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Alain Prost Speaker Profile
Former F1 Driver.Topics:
– Teamwork and Collaboration
Alain Marie Pascal Prost, OBE (born 24 February 1955) is a French racing driver. A four-time Formula One Drivers’ Champion, only Juan Manuel Fangio and Michael Schumacher have won more titles than Prost. From 1987 until 2001 Prost held the record for most Grand Prix victories. Schumacher surpassed Prost’s total of 51 victories at the 2001 Belgian Grand Prix.
Prost discovered karting at the age of 14 during a family holiday. He progressed through motor sport’s junior ranks, winning the French and European Formula Three championships, before joining the McLaren Formula One team in 1980 at the age of 25. He finished in the points on his Formula One debut and took his first race victory at his home Grand Prix in France a year later, while he was driving for Renault’s factory team.
During the late 1980s and early 1990s, Prost formed a fierce rivalry with Ayrton Senna and Nigel Mansell. In 1986, at the last race of the season, he managed to pip Mansell and Nelson Piquet of Williams to the title. Senna joined Prost at McLaren in 1988 and the two had a series of controversial clashes, including a collision at the 1989 Japanese Grand Prix that gave Prost his third Drivers’ Championship. A year later at the same venue they collided again, but this time Prost, driving for Ferrari, lost out. His time at Ferrari had further controversy, as his antics caused Mansell to become disgruntled and quit, and Prost was fired after a dismal 1991 season when he publicly criticized the team. After a sabbatical in 1992, Prost joined the Williams team, prompting reigning drivers’ champion Mansell to leave for CART. With a competitive car, Prost won the 1993 championship but he retired at the end of the year rather than be teammates with Senna who signed for 1994.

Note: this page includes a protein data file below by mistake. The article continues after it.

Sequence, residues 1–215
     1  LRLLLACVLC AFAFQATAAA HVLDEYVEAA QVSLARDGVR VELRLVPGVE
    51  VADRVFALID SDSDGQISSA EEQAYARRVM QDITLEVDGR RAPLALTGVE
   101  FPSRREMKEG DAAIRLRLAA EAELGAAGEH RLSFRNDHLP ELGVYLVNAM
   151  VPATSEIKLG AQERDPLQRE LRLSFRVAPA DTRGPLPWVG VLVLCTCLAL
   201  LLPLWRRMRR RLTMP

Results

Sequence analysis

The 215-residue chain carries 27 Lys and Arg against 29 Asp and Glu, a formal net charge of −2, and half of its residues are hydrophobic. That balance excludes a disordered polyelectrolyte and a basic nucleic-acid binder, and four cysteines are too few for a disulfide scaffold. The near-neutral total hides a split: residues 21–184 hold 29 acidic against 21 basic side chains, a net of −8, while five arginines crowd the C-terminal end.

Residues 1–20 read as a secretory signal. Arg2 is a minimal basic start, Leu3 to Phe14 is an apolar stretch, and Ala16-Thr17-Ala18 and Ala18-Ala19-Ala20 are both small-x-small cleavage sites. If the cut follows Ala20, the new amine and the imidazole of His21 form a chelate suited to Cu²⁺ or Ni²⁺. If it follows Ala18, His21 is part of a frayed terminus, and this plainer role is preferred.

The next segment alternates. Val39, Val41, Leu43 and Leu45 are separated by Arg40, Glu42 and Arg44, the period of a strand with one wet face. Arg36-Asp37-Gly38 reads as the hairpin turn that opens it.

In 1997, Prost took over the French Ligier team, running it as Prost Grand Prix until it went bankrupt in 2001. In 2006, Prost started his fourth year in the Andros Trophy, which is an ice racing competition.
Prost employed a smooth, relaxed style behind the wheel, deliberately modeling himself on personal heroes like Jackie Stewart and Jim Clark. He was nicknamed ‘The Professor’ for his intellectual approach to competition. Skilled at setting up his car for race conditions, Prost would often conserve his brakes and tyres early on in a race, leaving them fresher for a challenge at the end of the race. Motor sport journalist Denis Jenkinson described Prost as “a very warm and uncomplicated man who doesn’t rely on passion or inspiration. Nor does he indulge in showmanship or bullshit. He is capable of a level of mental discipline beyond the comprehension of most people.”
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Author, Chief Geopolitical Analyst for Stratfor and "100 Top Global Thinkers." (Foreign Policy magazine)